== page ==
While working with the teachers from Manav Rachna International School, we talked about how mutually beneficial it would be to have students from India taking the Evolution of Games course communicate with students in the United States taking the same course. Students separated by thousands of miles would be able to share their gaming experiences with games from ancient times, such as Ur and Senet, and share their game design ideas. This global communication and collaboration based on games and game design could foster a global understanding of cultural diversity and deepen an understanding of heritage – all through the unlimited advantages that come with standards tied to technology and through expression of 21st Century skills. Embracing diversity though global connections made possible by the study of the Evolution of Games. What an awe-inspiring possibility!

Maximizing My District’s Technology Resources

Maximizing My District’s Technology Resources

Eric Griffith, Director of Information Technology

Mechanicsburg Exempted Village School Districtfb56e2d894eacdc1f8da8b90148047d3

My name is Eric Griffith and I have over twelve years in the professional educational technology field.  I am celebrating my fourth year as the Director of Information Technology at Mechanicsburg Exempted Village School District.  Over the past four years I have maximized my district’s technology resources and could not have done it without these key points:

Previous Experience

When I first started her at Mechanicsburg, I was fortunate enough to have my predecessor still teaching in the building and able to provide support and insight on technology related issues.  Paul Aukerman was the district’s Technology Coordinator for 14 years and wanted to spend his remaining years back in the classroom he missed.  He was literally a flight of stairs away if I needed anything and always kept me positive.  Today he volunteers his time one day a week to keep me on task and knock out the dirty jobs on my to do list.  I have tried to work with students during the school year in the past but found that more often than not I spend my time managing them verses my projects. I have had greater success with graduated seniors wanting to do a summer internship, and I am happy to pay it forward being that is how I started my career in technology.

I also rely on the kindness of . . . vendors, their recommendations of the right technology for the job, educational professional networking, and willingness to earn my business have helped myself and the district create a clear vision for the future.  Without collaboration and plain old elbow grease from others I would not have been able to create and install a district wide wireless solution, migrate the district to Google Apps for Education, create a technology replacement cycle for all devices, provide technology based professional development, deploy several Google Chromebook carts or create a community technology recycling program.  By listening to and relying on others with “previous experience” I was opening myself and the district to new ideas without completely abandoning “how it was done in the past.”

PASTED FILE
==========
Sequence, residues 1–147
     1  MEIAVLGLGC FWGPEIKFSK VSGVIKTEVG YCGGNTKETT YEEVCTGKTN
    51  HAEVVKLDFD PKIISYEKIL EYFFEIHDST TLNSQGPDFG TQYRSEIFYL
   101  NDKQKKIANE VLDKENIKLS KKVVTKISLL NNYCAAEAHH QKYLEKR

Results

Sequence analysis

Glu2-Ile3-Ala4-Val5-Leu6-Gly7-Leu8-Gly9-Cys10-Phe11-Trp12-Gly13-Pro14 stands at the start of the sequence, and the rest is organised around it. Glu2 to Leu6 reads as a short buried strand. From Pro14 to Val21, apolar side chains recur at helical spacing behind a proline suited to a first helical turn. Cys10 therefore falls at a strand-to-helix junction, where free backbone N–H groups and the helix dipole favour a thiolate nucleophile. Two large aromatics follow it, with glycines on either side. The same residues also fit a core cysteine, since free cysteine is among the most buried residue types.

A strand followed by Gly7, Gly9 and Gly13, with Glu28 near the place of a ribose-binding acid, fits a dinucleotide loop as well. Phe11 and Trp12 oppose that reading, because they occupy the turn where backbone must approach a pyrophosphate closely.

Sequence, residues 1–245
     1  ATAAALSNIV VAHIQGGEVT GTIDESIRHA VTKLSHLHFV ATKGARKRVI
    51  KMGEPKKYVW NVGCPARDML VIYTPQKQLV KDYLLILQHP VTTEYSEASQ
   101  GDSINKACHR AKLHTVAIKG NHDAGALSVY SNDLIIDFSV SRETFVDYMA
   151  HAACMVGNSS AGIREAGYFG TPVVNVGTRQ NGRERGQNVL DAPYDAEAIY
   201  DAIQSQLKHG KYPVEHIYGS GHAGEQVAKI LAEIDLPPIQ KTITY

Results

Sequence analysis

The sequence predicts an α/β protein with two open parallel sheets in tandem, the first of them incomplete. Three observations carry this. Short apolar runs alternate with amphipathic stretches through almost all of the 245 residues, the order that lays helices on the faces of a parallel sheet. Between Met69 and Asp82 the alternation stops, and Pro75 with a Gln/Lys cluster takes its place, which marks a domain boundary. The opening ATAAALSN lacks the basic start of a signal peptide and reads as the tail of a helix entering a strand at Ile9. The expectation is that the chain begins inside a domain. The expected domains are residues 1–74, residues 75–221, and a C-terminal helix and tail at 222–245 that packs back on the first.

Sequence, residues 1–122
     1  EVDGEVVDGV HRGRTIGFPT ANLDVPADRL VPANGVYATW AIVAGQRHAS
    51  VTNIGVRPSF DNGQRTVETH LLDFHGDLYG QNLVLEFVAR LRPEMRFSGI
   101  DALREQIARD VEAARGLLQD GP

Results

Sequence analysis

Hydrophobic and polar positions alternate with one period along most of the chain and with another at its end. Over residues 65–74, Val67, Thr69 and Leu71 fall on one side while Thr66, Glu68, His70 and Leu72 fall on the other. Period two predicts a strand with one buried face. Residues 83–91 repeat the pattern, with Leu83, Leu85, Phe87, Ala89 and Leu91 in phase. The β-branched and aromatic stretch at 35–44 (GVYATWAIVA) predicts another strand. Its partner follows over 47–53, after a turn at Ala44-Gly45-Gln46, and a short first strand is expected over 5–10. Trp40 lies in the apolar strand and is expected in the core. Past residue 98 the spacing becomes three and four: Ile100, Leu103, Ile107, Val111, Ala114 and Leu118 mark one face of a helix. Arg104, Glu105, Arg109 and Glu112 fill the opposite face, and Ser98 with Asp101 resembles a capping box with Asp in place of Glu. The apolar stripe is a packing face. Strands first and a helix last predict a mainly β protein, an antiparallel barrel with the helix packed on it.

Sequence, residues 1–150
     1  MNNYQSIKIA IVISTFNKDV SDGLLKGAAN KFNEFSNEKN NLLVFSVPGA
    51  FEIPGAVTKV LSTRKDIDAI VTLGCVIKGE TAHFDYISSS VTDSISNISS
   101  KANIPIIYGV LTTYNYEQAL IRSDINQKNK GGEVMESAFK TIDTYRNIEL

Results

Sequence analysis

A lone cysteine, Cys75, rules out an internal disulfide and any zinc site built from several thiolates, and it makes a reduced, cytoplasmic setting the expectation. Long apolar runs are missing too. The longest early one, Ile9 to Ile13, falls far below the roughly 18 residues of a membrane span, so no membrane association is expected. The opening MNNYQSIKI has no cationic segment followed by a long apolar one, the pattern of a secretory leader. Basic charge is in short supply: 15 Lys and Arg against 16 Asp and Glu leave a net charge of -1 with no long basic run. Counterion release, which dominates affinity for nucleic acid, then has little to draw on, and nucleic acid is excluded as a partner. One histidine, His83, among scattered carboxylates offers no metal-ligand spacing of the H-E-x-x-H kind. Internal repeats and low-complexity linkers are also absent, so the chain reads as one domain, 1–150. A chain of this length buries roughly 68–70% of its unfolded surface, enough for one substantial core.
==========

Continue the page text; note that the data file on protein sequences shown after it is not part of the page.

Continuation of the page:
Remotely Reducing My Support Time

I live an hour away from Mechanicsburg so, it wasn’t always the easiest thing to hop in the car and fix an issue.  I needed an effective solution that worked for me and didn’t involve a cot and sleeping bag in my server room.  The solution for me is called LogMeIn and it is a remote management tool that allows me, or anyone I approve, to remote into any server or PC in the district.  This application was a lifesaver and is something I use on a daily basis; it may sound lazy but even if the teacher is in classroom right down the hall they can pick up the phone and talk to me while I remote right on in.  This allows them to see how I resolved the issue, as well as minimized the distraction of me walking into their classroom.  The ten seconds it takes me to log in is faster than if I actually walked down the hall, keyed into the classroom and asked the teacher to move so I can sit at their cramped desk.  Some staff didn’t take to this concept so well and I do still make “house calls,” but when you are primarily an army of one you need to use the most efficient tools you can get to get the job done.

As a positive side effect to the concept of remote management with LogMeIn, some staff members remote into their school desktops from home or wherever to continue to work.  Google Apps for Education has started to reduce that number by allowing their documents to be online, but it is still pretty exciting to hear a teacher retell their story of how they spent the day home with a sick kid and routinely remoted into their school desktop and check in on their sub.  I am slowly turning my teachers into the same level of nerd I am without them knowing it.

The Right Tool For The Job